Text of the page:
• 1 ounce (25 g) kosher salt
  • 1/4 cup (50 mL) dry white wine, such as a Verdejo, chilled
  • 1/4 cup (50 mL) water, chilled
  • 1/3 ounce (10 g) pimentón dulce (sweet smoked paprika)
  • 1/3 ounce (10 g) pimentón picante (hot smoked paprika)
  • 1/8 ounce (2 g) dried oregano
  • 3 tablespoons (45 mL) extra virgin olive oil, for frying, divided
  • OPTIONAL
  • 2 feet (60 cm) 1¼–1½-inch (32–36-mm) hog casings, soaked, or more as needed
Instructions
  1. Place the aguja, panceta, and papada meats and grinder parts in the freezer for 30 minutes to par-freeze before attempting to grind.
  2. Using a mortar and pestle, crush together the garlic and salt to form an ajosal. If desired, you can finish the ajosal in a food processor fitted with the "S" blade.
  3. In a mixing bowl, combine the meats and ajosal. Toss together and set aside as you set up the grinder.
  4. Fill a large bowl with ice, and place a smaller bowl inside the ice-filled bowl. Grind the meat mixture once through a medium-coarse (3/8 inch [9.5 mm]) die into the smaller bowl. Be careful: The meat mixture is wet, so it may squirt and pop out of the grinder.
  5. In a small mixing bowl, combine the wine, water, pimentones, and oregano, making a slurry. Keep the bowl containing the slurry chilled until ready to use.
  6. Place the ground meats in the bowl of a stand mixer fitted with the paddle attachment (or you can just mix in a mixing bowl with a sturdy spoon). Begin mixing on low speed. As the mixer runs, pour the wine slurry into the bowl in a steady stream.
  7. Continue mixing on medium speed for 1 to 2 minutes, until the wine slurry has been fully incorporated into the mixture, a white residue forms on the sides of the bowl, and the mixture firms up. Place the bowl containing the ground meat mixture in the refrigerator to keep it cold until you are ready to stuff‰ the sausage into casings.
  8. To make a prueba, in a small skillet over medium–high heat, warm 1 tablespoon of the oil. Place a small piece of the meat mixture in the skillet and fry for 3 to 4 minutes, until cooked through. Remove from the heat. Taste and adjust the seasonings to your liking.
  9. If stuffing: Stuff‰ the mixture into the casings and tie into 12-inch (30-cm) loops or 6-inch (15-cm) links.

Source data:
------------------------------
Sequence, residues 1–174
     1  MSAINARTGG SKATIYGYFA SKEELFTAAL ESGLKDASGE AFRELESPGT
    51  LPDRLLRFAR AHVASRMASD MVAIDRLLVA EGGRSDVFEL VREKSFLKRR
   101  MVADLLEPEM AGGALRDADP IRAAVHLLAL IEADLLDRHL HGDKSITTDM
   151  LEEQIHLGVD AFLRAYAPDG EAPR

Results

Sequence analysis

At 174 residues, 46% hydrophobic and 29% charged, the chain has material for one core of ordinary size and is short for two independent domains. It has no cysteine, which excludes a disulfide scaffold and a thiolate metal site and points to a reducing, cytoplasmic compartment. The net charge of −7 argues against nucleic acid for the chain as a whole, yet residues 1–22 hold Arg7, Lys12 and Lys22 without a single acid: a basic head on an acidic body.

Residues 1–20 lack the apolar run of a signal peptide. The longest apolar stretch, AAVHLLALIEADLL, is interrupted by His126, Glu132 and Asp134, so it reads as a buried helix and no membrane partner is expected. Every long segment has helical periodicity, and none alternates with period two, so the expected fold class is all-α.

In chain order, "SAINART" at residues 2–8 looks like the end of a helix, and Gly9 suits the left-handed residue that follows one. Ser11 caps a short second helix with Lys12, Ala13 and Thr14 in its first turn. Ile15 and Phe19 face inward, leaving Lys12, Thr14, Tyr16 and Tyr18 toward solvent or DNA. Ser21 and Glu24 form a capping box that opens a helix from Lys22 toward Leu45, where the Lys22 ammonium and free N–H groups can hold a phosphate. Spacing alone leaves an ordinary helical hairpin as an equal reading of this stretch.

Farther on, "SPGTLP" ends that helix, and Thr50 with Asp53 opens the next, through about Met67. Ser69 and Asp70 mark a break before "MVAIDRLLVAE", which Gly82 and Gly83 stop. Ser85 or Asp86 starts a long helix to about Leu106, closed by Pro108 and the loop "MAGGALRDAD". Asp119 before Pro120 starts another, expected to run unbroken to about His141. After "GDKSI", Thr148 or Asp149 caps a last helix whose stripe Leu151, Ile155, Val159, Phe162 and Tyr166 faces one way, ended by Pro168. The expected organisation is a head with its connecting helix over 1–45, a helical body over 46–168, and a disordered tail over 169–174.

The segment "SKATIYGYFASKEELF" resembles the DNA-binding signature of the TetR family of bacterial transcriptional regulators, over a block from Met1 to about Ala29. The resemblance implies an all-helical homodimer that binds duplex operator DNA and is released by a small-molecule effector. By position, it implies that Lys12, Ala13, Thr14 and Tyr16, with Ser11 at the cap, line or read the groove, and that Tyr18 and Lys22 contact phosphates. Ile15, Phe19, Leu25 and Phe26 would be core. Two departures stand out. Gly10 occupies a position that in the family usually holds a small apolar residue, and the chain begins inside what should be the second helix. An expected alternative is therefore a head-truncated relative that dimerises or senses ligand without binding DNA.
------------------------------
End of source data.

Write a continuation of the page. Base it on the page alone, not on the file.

10. Using a sterile pin or sausage pricker, prick each sausage several times. Place in the refrigerator to ferment overnight. 
  11. If not stuffing: Form the mixture into 8-ounce (226-g) patties. Wrap in plastic wrap or caul fat, if using.
  12. Place in the refrigerator to ferment overnight. 
  13. If stuffing: If you have stu‰effd the sausages into links or loops, warm the remaining oil in a large skillet over medium–high heat and fry for 8 to 10 minutes, until they register an internal temperature of 150°F (65°C).
  14. You can also oven roast or grill the sausages at 350°F (180°C) for 20 to 25 minutes, until they reach the same internal temperature.
  15. If not stuffing: Warm the remaining oil in a large skillet over medium–high heat and fry the sausage patties for 8 to 10 minutes, until they register an internal temperature of 150°F (65°C).
  16. Remove the sausages from the heat and serve.
 

 

Pricking lets air out so that

Pricking lets air out so that casing shrinks to the filling and the sausage can dry evenly.

pork parts

This recipe looks really good! I have never ventured into Spanish charcuterie, being Italian myself I always lean towards pancettas and salamino cacciatore!
I will see if I can find the right pork parts to do the job...if not do you think just pork belly could do? Any suggestions?

We actually used shoulder

We actually used shoulder instead of collar. The book goes into the different cuts. Collar has more connective tissue and marbled fat, but a fatty cut of shoulder is equivalent. Jowls are usually available on order, or you could substitute the same amount of belly.

It's interesting how much similarity there is between the Spanish and Italian traditions. The Spanish word for pork belly is panceta, and there is a recipe for panceta curada that is basically pancetta. Mostly it's the seasonings that differ.

questions

Could you mix the salt & garlic with the other spices? Would the extra time in the refrigerator make a huge difference? Also why do the sausages need poking?

I admit I wondered, too,

I admit I wondered, too, about the spices, since many sausage recipes have you marinate the meat with spices well ahead of grinding. I don't see why it wouldn't work, though then you'd simply use a mixture of water and wine during the binding process. The time in the fridge is important -- the meat must remain cold at all times, not only for safety, but to keep the fat integral during the grinding, binding and stuffing process. Otherwise it turns into more of a paste, and the sausage will be grainy and dry when you cook it. As for poking, I believe it's to let oxygen in so they can ferment.